Smoke, Salt, Sweet (and other poems)

Smoke, Salt, Sweet

Manhattan, September 28, 2001

Burnt metal still stings the nostrils
weeks later, drifts on perverse winds,
settling into flag stripes, sometimes random pieces
of paper, still charred or rain-wrinkled and stuck
to building sides, all the still-upright things 
that gather and hold.

But for all the shattered and shuttered things,
wooden crates at the Fairway Market
still line the storefront and I touch dusky apricots,
sunny lemons and purple eggplants, 
red and yellow peppers, bin after box after crate 
of cucumbers, kale, and radish,
brown and red onions still sloughing skin onto Yukons
and Idahos beneath them. 

I walk to O’Donnell’s pub and Robin 
has a corner table at the window
where we can watch the sidewalks
and sky over mugs of black
and tan that sweat the wood grain,
small plates of aged gouda, pocked and nutty,
an applewood-smoked gruyere and deeply orange 
Vermont cheddar, a fuchsia stripe of Portofino red, 
crooked and imperfect. 
We watch the silenced tv in the corner, its banner
still scrolling estimates of casualties, something
about a dirty bomb radius but I am intent 
on the soppressata and wild boar salami delivered to us,
brick red and fatty speckled, it is
pungent as any wild thing left to its own devices,
and Robin says I’ll bet this is what it tastes like
to wander the woods rooting for acorns and hickories.
I don’t tell her those boars 
would trample her and eat everything
but her belt buckle. 

The next plate, a perfectly symmetrical circle 
of prosciutto-wrapped melon, ebony pools 
at the edges, a balsamic reduction
to dredge the sweet, salty bites through.
Peter Jennings’ face appears in the background,
then a random person showing how to seal a window
with duct tape in case of another anthrax attack.
We watch his mouth move, a familiar muted thing, until
we’ve had enough and walk the few blocks where
the bread and sugared air is a path, a reprieve,
the tiny Italian café where there are no TVs, just
the orderly crowd, everyone leaning into glass cases,
Neopolitans and glazed fruit tortas rearranged and replaced, 
pistachio biscottis, pignolatas, lemon and orange crocettes,
the frozen cases of bright pink gelatos and chicory brown spumoni.
We settle on a chocolate amaretto cake, admire the dusting
of confectioner’s sugar and raspberry glaze,
slow ourselves in our final bites,
linger over the plate, push tines into last crumbs,
watch the sidewalks and sky, the locals 
who hold each other’s elbows
as they speak. 

Hillbilly Transplant: Seed and Scatter

The prayer plant you gave me is dying.
On the windowsill overlooking 71st Street it wilts
even now with this light Spring rain.  
If I was a diviner, this would be the sign
that says Run, girl.

First was the prayer plant – early in love, 
when we were still mango and pepino dulce,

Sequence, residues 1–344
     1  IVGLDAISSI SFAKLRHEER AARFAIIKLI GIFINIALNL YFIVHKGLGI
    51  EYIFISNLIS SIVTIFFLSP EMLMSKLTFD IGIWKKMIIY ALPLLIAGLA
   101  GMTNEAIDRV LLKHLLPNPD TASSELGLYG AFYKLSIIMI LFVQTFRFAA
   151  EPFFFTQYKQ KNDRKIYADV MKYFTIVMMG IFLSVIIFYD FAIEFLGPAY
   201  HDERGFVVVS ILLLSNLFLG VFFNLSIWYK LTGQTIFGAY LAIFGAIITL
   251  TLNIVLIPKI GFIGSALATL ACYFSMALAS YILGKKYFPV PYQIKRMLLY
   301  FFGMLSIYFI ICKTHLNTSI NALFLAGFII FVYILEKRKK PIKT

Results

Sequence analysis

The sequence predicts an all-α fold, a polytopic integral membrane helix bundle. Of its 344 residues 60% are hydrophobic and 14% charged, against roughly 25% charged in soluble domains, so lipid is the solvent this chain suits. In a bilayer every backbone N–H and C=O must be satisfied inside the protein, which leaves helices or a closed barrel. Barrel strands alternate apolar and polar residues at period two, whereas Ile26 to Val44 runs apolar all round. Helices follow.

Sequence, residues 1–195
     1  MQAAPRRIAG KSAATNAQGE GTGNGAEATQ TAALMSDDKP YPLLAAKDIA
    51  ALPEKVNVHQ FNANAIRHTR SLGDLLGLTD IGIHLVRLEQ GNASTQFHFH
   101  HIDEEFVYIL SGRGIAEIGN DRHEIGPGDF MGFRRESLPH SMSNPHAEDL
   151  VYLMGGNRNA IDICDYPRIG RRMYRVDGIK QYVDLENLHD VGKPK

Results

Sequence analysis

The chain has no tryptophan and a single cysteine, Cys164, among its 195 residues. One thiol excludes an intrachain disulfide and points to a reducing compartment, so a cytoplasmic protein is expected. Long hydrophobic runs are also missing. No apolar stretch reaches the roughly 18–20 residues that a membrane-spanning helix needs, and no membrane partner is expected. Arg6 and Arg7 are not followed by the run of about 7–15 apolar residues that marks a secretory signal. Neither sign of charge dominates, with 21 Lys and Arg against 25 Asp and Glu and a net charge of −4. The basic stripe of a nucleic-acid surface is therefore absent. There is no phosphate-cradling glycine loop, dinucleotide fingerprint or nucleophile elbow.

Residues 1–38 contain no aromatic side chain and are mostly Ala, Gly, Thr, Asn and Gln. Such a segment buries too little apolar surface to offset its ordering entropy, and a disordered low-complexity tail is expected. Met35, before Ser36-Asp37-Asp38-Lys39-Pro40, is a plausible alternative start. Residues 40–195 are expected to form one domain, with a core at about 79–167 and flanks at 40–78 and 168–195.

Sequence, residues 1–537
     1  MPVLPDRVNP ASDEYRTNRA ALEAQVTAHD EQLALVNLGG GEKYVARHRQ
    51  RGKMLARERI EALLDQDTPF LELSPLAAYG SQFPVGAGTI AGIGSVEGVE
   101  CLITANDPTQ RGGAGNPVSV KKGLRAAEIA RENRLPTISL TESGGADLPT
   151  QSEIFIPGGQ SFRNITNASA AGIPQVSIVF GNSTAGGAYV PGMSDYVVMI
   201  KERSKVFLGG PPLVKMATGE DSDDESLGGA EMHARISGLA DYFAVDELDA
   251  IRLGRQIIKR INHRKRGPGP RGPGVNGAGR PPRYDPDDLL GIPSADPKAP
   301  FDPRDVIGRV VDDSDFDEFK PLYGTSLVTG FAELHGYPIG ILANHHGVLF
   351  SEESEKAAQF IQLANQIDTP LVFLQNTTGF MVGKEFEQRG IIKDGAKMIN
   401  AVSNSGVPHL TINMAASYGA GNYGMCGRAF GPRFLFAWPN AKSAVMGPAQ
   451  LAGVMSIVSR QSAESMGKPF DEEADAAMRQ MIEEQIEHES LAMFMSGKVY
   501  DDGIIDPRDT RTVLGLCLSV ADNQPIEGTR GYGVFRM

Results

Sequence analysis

heart-shaped chirimoya and blood orange filled to bursting, 
sweet sticky things that lingered on skin and tongue. 
Still midday smiles at thoughts of night, Peruvian flutes
and flamenco guitar in the background, our bodies 
moving dark over light.

First was the prayer plant – before the table
you grabbed at a parking lot auction in Alphabet City,
or the handmade candle, cornflower blue
and lavender, big as the Inca Cola bottle mold,
before the pin from Lima I suspect was really 
for someone else, the one you put in a leather pouch 
you made from old boots, laced with sinew, 
my initials burned onto that tight brown skin 
with a heated paperclip.  

First was the prayer plant - a cutting 
from the wooden planter perched
on your radiator, a birthday gift
you set down inside a terra cotta pot,
worked the soil as you rehomed it, 
covered the excised roots over,
pushed until nothing moved, explained
in both languages as you pressed my body, 
soil still on your hands, how those soft oval leaves 
turn upward, abierto, at night, back down again 
with sun break, sultry murmur
against neck and collarbone.

First was the prayer plant – before nights
of too much rum and pisco, late arrivals,
your late-night reconnaissance
trolling online for a younger body while mine,
all 30 years of it, still hummed in your bed, 
love-drunk and willfully blind to ever-refilling glasses 
of vodka-heavy chicha morada, to anything 
beyond the sight of you cooking rice in clay pots
you brought back from your hometown in Cusco,
the classical guitar against your bare chest reclined on the sofa,
oil canvasses you painted that covered the bedroom walls – 
gitanos and toreros, my favorite behind the bed, a flamenco dancer, 
crimson and cobalt skirts painted mid-arc, arms 
above her head, eyes closed, her perfect gypsy body 
poised in sweaty ascension. 

First was the prayer plant- and last,
last was the rain-soaked midnight walk
from 98th and Broadway to the subway, that final 
humiliation of being put out
not with a fury or a passion 
but with an assault of indifference, a disinterest
no artist’s canvas could unmar. 

I should bring the plant back inside.
It did nothing to me, after all.
But there is something cleansing in the dropping,
one by one, of these leaves, their pale green and fuchsia
slapped against the marble sill by this surging rain.


  • Lisa Parker is a native Virginian, a poet, musician, and photographer. Her book, This Gone Place, won the 2010 Appalachian Studies Association Weatherford Award and her work is widely published in literary journals and anthologies. Her photography has been on exhibit in NYC and published in several arts journals and anthologies.

  • Stills from Sherlock Jr, a 1924 film directed by Buster Keaton and starring himself and Kathryn McGuire.